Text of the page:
July 30, 2004
ABC commentator and anchor John Stossel holds a rare position in television news: His commentaries air unopposed on a network news show. But after Stossel's July 23 "Give Me A Break" segment on 20/20 about Democratic vice presidential nominee John Edwards, ABC viewers might be wondering what the network will do to balance Stossel's partisanship.
Stossel's piece focused on Edwards' history as an attorney. This is bad news to Stossel, who in 1997 was given a full hour for his special "The Trouble with Lawyers," which depicted the profession as overzealous and greedy. Perhaps not surprisingly, then, Stossel began by noting that Edwards could be in for a pay cut: "Should he become the next vice president, he'll make more than $200,000 a year. That's a big step down from the millions he once made as a trial lawyer."
But more than anything in particular that Edwards did as a lawyer, the real point seemed to be to remind viewers of all the bad things lawyers do. "Today, the trial lawyers may be the most powerful profession in America," Stossel explained. "We always hear about how they help the little guy. But we rarely hear about the unintended consequences of what they do. And they can be nasty. With John Edwards potentially a heartbeat away from the presidency, we ought to take a look at what his most passionate supporters really do."
With that, Stossel moved on to profiling Richard "Dickie" Scruggs, a prominent attorney, with "If Edwards is effective, this man must be super-effective," all that's offered by way of transition. Stossel immediately found a way to link Scruggs and Edwards: "Of course, the money for Scruggs' planes and the millions Edwards made comes from someone, and that someone is you, the consumer." Stossel has a litany of complaints against lawyers , familiar to anyone acquainted with the conservative tort reform movement (See Extra! , 3-4/04): Fewer corporations are making vaccines because of lawyers. Lawyers make products more costly and quash innovation; "lifesaving products are especially penalized." Lawyers are ruining hospital care since they "have bred so much fear that patients now suffer more pain and may be less safe because doctors are so fearful of being sued."
Stossel never went too far without reminding viewers that Edwards directly benefited from their burdens: "By being a consumer, you helped pay for Dickie Scruggs' plane and John Edwards' three homes." Stossel encouraged viewers to tie their impression of Edwards to the actions of other lawyers, which would be like noting that George W. Bush was once in the oil business, then documenting the environmental impact of the Exxon Valdez oil spill.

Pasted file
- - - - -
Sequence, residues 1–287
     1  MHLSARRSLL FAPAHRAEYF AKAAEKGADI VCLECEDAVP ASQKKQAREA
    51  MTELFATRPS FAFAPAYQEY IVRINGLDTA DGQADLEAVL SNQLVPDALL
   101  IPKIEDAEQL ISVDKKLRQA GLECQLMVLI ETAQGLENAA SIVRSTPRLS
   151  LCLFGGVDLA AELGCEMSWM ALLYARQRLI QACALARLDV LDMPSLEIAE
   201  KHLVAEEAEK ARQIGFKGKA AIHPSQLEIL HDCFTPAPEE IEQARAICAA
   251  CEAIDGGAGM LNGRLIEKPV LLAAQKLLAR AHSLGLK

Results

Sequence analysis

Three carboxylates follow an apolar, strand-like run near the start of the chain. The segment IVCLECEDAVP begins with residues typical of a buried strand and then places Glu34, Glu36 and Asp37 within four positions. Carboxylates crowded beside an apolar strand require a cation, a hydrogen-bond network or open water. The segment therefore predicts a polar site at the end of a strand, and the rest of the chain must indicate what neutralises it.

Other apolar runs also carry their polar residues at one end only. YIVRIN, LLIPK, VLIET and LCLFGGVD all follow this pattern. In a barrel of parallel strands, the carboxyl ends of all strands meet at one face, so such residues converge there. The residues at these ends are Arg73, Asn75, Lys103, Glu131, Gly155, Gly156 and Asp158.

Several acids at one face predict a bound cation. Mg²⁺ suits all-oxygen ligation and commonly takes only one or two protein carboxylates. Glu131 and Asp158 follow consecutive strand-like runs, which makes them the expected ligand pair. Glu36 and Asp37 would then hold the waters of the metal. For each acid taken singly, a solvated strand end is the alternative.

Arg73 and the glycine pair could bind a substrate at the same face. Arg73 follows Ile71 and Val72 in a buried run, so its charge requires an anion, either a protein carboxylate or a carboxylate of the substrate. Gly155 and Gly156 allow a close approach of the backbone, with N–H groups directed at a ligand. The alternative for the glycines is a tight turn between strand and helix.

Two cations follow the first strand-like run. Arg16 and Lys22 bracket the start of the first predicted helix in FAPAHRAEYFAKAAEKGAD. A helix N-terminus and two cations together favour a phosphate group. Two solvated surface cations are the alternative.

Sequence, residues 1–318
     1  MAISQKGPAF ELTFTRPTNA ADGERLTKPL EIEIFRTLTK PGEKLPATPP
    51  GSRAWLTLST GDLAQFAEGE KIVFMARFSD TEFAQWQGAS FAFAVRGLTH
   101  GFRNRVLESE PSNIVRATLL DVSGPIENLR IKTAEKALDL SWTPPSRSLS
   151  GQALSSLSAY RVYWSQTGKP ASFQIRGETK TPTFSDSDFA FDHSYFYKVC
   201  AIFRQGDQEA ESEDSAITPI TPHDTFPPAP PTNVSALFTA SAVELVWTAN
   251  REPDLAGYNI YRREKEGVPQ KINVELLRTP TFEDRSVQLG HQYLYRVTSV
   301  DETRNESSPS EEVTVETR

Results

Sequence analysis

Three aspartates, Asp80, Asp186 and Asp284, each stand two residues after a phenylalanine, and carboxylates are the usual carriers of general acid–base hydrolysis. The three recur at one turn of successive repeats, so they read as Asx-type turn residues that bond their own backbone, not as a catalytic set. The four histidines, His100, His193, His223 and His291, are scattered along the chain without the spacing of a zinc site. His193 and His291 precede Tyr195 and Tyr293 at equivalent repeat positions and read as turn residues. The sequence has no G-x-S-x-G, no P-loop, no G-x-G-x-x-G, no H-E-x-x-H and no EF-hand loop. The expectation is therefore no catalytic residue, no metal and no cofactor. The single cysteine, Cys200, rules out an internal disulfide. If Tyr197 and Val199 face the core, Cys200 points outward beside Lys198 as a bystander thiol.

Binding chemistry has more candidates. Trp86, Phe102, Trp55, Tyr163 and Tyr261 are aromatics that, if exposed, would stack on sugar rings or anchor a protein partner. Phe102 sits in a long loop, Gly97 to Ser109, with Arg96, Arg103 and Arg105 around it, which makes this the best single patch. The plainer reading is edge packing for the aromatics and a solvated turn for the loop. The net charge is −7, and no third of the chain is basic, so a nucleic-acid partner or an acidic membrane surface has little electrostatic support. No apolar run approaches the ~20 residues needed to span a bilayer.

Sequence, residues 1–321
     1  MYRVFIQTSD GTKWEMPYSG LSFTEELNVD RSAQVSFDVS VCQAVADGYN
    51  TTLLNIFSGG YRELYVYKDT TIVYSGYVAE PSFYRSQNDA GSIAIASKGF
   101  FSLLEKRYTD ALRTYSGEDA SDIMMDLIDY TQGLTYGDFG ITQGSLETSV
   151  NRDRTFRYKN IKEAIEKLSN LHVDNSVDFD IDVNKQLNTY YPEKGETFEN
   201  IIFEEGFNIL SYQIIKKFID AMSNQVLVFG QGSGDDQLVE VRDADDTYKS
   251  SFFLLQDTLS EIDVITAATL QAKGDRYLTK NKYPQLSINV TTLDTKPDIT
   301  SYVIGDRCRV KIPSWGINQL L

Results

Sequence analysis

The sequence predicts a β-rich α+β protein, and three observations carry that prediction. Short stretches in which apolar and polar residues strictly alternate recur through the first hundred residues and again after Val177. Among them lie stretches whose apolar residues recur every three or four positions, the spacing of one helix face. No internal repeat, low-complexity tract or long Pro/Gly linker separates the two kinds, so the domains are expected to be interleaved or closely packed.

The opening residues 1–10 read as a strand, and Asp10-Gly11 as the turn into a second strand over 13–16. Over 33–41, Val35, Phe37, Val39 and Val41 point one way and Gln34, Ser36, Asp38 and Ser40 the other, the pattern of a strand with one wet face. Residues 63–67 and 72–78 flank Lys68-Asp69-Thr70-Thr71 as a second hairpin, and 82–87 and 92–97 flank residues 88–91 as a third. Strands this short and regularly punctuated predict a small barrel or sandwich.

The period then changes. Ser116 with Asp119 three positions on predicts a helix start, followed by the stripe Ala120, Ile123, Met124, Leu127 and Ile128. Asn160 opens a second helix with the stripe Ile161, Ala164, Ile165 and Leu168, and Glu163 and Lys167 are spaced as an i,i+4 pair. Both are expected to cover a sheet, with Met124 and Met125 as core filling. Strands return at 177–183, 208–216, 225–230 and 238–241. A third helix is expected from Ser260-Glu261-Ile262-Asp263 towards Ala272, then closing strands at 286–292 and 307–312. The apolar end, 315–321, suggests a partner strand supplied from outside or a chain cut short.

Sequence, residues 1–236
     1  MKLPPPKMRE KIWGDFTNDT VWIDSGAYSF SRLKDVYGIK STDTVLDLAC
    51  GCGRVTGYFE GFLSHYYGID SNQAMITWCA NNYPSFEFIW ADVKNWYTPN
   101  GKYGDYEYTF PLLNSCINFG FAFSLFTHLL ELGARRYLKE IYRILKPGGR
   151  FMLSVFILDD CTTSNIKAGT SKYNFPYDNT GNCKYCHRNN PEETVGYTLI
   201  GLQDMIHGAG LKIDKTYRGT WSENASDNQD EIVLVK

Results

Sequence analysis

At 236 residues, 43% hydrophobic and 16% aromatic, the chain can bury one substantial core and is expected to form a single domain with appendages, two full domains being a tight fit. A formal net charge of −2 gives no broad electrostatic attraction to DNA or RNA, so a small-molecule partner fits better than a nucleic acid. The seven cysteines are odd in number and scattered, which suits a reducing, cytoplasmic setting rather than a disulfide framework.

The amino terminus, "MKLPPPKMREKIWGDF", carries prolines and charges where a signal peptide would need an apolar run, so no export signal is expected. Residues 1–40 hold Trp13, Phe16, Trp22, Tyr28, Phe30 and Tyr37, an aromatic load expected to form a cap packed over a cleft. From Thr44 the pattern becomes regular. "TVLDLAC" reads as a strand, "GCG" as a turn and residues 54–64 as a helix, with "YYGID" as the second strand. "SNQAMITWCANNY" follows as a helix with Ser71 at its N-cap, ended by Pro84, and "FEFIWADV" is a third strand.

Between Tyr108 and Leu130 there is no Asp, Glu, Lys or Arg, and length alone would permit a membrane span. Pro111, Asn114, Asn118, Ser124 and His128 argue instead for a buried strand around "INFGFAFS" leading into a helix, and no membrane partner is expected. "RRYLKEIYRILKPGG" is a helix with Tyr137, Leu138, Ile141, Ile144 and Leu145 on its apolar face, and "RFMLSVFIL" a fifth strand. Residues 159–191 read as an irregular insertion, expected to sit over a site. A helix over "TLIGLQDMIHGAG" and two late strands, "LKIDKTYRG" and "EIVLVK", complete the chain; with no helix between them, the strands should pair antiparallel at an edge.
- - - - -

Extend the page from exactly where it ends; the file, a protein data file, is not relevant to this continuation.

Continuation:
When Stossel does get to describing actual cases that Edwards tried in court, he reaches for conclusions that exceed the available facts. Stossel claimed that Edwards "made millions suing doctors and hospitals on behalf of people whose children were born with cerebral palsy." Edwards claimed, according to Stossel, that oxygen deprivation was a factor, a situation that could have been avoided if the doctor had performed a Caesarean section. Stossel lamented that "one thing doctors learned from Edwards' art form was to do more C-sections. C-sections are more common today for many reasons, but fear of a cerebral palsy lawsuit has had a big impact. Since 1970, C-sections have gone up from 6 percent of all births to 26 percent."
How much of the increase in C-sections is due to medical judgment, rather than fear of lawsuits? Stossel doesn't address the question. Dr. Luis Sanchez-Ramos, an obstetrics professor at the University of Florida, noted in the British Medical Journal (2/12/94) that "in Brazil and Mexico, where malpractice is not a problem, the caesarean section rate is still high." Sanchez-Ramos suggested that profit may be another motive driving C-sections, pointing out that rates are higher in for-profit hospitals and with patients who have good health insurance.
But Stossel focused on lawsuits as the core problem: "So are women today suffering more pain, even risking their lives on unnecessary surgery, partly because lawyers like John Edwards scared doctors?" It's a complex question, depending among other issues on how much of the surgery is actually "unnecessary." But Stossel's answer just assumes that trial lawyers are the villains: "Well, maybe all Edwards' cases were good ones, but the fearful atmosphere that lawsuits create has far-reaching consequences." That we should see malpractice suits as making doctors "fearful" rather than "careful" is something that the ABC journalist asserts rather than explains.
Of course, political candidates are fair game for criticism. But given Stossel's politics, it's unlikely that he will be doing a similar attack on George W. Bush or Dick Cheney this campaign season-- certainly not one that fits in with their opponents' talking points so well. (When Edwards was picked by Kerry, the Republican National Committee's website headlined its response, "Who Is John Edwards? A Disingenuous, Unaccomplished Liberal And Friend To Personal Injury Trial Lawyers.")
When ABC 's parent company Disney refused to allow its Miramax subsidiary to distribute Michael Moore's film "Fahrenheit 9/11," company CEO Michael Eisner offered this rationale (5/5/04): "We just didn't want to be in the middle of a politically oriented film during an election year." So why does ABC air one-sided political commentary during an election year?
ACTION: Please contact ABC and ask that 20/20 provide a counter-weight to Stossel's partisan commentaries-- especially in an election year.
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